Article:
Pediatric Drugs

, Volume 12, Issue 6, pp 353–365 | Cite as

Pain Management in Newborns

From Prevention to Treatment
  • Elizabeth Walter-Nicolet
  • Daniel AnnequinEmail author
  • Valerie Biran
  • Delphine Mitanchez
  • Barbara Tourniaire
Review Article


All neonates in the Neonatal Intensive Care Unit (NICU) or during the first days of life undergo painful and stressful procedures. Epidemiologic studies have shown that pain induced by these procedures is not effectively prevented or is inadequately treated. Pain experienced during the neonatal period may lead to negative outcomes, especially in preterm neonates. Prevention is the first step of pain management, and practical guidelines should be used in the NICU. Assessment must be done with adequate tools that take into account the infant’s pathology and gestational age. Distinguishing between acute and prolonged pain is important for both assessment and treatment. The most common drugs that have been studied for the treatment of pain and stress are opioids, hypnosedatives, and NMDA receptor antagonists. Morphine and fentanyl are most frequently used for acute or prolonged pain in the NICU. They have potent analgesic effects and few immediate or long-term adverse effects. Midazolam is a commonly used hypnosedative, but its adverse effects limit its use. Drugs such as propofol and ketamine have been used for acute painful procedures; however, further research is needed to assess their long-term effects. Use of non-pharmacologic pain management techniques has increased in recent years. These methods are easy, inexpensive, and effective in helping newborns recover from painful procedures. Sweet solutions and non-nutritive sucking, breastfeeding, skin-to-skin mother care, swaddling, and facilitated tucking are the most commonly employed and evaluated non-pharmacologic methods. Hospitals should promote and improve parent involvement in pain management. In-service education and well organized hospital teams are crucial for successful implementation of pain protocols in newborns.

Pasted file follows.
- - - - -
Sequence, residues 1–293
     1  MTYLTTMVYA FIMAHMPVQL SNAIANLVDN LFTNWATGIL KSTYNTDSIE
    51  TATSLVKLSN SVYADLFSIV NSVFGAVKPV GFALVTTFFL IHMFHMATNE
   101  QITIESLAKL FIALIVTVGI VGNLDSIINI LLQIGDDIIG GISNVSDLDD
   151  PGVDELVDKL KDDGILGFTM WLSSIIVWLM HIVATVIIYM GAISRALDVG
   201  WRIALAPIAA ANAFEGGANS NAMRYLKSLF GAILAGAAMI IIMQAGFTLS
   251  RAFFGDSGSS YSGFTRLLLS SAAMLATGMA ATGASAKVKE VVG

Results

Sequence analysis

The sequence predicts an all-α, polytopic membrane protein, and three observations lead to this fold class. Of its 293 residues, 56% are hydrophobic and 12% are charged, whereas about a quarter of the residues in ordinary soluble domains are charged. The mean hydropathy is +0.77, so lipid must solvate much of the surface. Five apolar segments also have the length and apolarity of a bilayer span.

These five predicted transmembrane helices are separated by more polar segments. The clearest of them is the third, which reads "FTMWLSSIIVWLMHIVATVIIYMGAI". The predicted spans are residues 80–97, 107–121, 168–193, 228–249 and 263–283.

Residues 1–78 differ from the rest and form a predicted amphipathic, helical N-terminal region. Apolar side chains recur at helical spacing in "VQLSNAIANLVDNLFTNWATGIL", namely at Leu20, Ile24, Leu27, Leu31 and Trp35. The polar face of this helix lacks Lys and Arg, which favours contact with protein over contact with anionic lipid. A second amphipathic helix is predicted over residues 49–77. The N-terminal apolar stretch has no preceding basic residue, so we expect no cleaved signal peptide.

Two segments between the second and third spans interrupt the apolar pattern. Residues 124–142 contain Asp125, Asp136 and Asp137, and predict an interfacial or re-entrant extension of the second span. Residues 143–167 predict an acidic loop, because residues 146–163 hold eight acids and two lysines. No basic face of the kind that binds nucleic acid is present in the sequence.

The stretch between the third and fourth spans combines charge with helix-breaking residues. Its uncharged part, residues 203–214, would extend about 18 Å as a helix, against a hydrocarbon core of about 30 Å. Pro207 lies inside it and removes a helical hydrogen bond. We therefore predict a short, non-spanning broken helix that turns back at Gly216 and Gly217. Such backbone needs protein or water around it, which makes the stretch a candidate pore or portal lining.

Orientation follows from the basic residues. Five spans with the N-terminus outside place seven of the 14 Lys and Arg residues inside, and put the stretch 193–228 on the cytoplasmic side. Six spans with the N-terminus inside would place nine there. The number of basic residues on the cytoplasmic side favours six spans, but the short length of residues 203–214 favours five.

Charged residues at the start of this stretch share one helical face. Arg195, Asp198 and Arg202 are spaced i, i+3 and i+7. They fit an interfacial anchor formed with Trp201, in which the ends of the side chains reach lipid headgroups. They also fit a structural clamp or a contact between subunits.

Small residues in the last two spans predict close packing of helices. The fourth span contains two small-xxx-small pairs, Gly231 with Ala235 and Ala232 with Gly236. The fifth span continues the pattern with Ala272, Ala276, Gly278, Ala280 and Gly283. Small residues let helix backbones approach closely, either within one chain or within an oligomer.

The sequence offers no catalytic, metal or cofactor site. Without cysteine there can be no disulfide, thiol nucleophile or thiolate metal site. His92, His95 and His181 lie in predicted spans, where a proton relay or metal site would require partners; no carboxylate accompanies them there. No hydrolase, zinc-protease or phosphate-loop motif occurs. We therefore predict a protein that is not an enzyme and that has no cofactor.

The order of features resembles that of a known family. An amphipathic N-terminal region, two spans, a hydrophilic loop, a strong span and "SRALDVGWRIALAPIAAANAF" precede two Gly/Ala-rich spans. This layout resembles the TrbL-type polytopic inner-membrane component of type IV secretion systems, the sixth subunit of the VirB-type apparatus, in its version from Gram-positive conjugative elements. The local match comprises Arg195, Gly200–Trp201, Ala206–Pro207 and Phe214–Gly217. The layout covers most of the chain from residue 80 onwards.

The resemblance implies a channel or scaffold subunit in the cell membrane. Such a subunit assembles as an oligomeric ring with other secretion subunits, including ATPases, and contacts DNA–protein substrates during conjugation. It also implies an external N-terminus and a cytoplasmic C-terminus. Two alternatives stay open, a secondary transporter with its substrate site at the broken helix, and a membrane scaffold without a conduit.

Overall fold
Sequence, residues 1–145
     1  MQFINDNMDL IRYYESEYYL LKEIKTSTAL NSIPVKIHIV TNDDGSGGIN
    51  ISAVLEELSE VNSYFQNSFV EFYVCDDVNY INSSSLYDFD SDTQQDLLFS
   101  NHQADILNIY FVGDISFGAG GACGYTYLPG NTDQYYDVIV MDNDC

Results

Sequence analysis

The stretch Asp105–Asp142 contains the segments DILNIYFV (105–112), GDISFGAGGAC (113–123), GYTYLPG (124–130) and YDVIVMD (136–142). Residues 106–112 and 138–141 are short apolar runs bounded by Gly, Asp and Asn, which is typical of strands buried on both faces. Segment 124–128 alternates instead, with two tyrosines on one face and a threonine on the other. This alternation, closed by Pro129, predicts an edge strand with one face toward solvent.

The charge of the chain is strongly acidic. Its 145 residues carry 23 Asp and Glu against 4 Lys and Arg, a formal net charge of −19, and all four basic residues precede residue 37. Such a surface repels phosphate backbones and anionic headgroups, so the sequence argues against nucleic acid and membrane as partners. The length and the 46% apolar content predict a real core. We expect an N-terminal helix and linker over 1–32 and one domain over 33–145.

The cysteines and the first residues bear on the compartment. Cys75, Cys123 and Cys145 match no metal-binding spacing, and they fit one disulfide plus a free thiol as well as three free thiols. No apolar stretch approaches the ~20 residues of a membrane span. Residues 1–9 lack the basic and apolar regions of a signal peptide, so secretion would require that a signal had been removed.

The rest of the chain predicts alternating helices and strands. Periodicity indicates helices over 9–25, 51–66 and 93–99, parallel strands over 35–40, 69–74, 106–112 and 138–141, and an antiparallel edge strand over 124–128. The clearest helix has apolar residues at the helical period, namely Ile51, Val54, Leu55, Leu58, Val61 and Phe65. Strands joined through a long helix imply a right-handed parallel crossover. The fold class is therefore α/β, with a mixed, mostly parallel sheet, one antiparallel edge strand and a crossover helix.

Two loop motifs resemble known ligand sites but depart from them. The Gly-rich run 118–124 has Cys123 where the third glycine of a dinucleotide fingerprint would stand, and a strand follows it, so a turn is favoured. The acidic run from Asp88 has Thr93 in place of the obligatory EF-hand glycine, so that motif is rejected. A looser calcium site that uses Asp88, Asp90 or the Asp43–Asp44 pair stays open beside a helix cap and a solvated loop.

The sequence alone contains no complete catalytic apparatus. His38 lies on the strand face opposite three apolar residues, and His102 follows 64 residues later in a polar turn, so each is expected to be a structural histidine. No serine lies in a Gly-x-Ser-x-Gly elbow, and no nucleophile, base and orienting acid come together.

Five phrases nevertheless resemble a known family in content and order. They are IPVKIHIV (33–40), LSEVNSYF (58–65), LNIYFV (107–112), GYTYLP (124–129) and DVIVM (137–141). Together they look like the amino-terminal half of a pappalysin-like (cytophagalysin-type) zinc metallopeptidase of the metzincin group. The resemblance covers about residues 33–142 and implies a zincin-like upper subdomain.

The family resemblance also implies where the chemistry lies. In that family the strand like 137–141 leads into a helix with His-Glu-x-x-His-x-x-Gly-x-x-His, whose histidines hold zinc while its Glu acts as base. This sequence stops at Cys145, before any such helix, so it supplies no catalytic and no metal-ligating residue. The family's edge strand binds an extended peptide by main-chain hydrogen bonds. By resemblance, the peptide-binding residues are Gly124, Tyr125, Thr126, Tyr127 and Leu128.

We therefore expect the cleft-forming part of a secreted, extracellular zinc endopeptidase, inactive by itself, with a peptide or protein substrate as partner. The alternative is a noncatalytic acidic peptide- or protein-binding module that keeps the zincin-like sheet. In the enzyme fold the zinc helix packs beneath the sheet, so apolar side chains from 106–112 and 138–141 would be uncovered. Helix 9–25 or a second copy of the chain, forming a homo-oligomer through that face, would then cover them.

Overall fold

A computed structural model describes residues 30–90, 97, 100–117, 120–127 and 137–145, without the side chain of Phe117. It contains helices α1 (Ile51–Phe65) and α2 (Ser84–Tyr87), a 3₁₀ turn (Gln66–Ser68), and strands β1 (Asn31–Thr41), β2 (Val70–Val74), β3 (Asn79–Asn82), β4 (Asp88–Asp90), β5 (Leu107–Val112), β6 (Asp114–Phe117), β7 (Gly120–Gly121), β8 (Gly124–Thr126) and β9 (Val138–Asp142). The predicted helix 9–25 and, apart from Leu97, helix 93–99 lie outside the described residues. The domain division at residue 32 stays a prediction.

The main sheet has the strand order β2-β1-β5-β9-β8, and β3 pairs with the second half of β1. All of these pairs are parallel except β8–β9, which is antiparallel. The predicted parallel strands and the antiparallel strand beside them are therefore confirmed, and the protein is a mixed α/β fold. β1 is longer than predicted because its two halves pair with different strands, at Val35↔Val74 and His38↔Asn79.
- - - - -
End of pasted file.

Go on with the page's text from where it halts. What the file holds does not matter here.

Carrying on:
Morphine Neonatal Intensive Care Unit Alfentanil Preterm Neonate Palivizumab 
These keywords were added by machine and not by the authors. This process is experimental and the keywords may be updated as the learning algorithm improves.



No sources of funding were used to prepare this review. The authors have no conflicts of interest that are directly relevant to the content of this review. The authors thank Rachel Gooze for editing the manuscript with respect to language.


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Copyright information

© Adis Data Information BV 2010

Authors and Affiliations

  • Elizabeth Walter-Nicolet
    • 1
  • Daniel Annequin
    • 1
    Email author
  • Valerie Biran
    • 2
  • Delphine Mitanchez
    • 2
  • Barbara Tourniaire
    • 1
  1. 1.Unité Fonctionnelle de lutte contre la douleur, Hôpital d’enfants Armand TrousseauAssistance Publique Hôpitaux de ParisParisFrance
  2. 2.Service de Néonatologie, Hôpital d’enfants Armand TrousseauAssistance Publique Hôpitaux de ParisParisFrance

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